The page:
Copyright: Denis Sarrazin CEN/ArcticNet.

In 1959, an American geologist built a rock cairn 1.2 meters away from this glacier; he left a note, asking whoever finds it to measure the distance to the glacier. Today, that distance has grown up to 101.5 meters. Researchers who found the incredibly creative and unusual note say it’s highly unexpected for a scientist in the 1950s to predict a glacier retreating, and not advance, burying the cairn.

In the Arctic areas, it’s not really unexpected to stumble across man-made rock cairns – especially when you’re so far up that you reach Ward Hunt Island, which lies on the northern coast of Canada’s most northerly Arctic Island, Ellesmere. But the message found in a bottle there sent shivers down the spines of scientists:

“It was really quite extraordinary to be holding that piece of paper in my hands,” says Dr. Warwick Vincent, who led a team of scientists to Laval University’s remote research station established on the island in 2010. “It was like a message from the past.”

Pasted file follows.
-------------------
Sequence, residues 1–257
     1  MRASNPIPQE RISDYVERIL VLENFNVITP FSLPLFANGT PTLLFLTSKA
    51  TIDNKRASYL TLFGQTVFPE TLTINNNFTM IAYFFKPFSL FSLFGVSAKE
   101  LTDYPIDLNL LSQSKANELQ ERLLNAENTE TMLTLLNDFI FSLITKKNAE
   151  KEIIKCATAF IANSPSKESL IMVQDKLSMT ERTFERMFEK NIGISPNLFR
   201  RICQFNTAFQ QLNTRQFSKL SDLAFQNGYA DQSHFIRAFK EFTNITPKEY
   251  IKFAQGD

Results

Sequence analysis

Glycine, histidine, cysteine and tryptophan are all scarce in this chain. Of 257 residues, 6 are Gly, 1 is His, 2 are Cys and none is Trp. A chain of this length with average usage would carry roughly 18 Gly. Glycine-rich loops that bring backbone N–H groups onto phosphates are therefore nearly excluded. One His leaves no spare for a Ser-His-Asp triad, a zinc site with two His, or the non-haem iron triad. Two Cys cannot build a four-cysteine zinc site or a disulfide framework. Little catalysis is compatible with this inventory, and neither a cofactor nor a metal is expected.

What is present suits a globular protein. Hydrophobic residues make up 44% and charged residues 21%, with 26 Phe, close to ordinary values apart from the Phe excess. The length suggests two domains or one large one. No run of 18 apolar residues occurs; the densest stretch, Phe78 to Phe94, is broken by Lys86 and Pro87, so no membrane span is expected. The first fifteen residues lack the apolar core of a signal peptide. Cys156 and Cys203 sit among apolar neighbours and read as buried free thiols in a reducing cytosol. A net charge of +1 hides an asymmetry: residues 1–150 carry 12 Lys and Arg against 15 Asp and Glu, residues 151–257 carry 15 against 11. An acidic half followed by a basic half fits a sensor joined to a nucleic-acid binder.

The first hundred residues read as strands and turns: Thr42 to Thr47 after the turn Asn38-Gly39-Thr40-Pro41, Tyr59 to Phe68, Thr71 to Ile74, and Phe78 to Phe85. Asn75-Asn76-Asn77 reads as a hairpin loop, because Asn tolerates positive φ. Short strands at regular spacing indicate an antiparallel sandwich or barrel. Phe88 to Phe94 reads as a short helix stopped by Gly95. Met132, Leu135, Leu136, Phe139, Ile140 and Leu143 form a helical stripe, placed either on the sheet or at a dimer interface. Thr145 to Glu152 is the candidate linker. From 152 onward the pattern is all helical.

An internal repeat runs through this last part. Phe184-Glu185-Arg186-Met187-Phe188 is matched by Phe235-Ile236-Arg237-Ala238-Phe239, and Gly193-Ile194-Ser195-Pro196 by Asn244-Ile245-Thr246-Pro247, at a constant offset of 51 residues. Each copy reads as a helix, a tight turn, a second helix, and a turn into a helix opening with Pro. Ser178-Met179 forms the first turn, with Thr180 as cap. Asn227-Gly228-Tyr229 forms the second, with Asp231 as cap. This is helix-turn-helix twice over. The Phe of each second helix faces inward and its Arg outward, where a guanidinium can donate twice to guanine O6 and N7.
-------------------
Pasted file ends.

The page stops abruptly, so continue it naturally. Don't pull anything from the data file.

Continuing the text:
The note was written neatly and signed by Paul T. Walker, an American geologist who’d been on the site in July 10, 1959. It left very detailed instructions that whoever found his message measure the distance between the cairn and the glacier. Studying global warming and deglaciation in that period was little more than a joke, so Walker’s intuition is simply remarkable.

“You weren’t going to get any proposals funded to study deglaciation in the 1950s, so if anything, most scientists would think their cairn and their message in a bottle would be overridden by the advance of the glacier, not a marker for retreat.”

Sadly though, Walker never heard from anyone. Exactly one month after he wrote the message, he was flown away after becoming paralyzed, and he never made it past the age of 27.

After reading and photographing the touching message, Vincent and his team put it back and added their own, hoping that they would be more fortunate, and that one day, they will get a response from somebody else.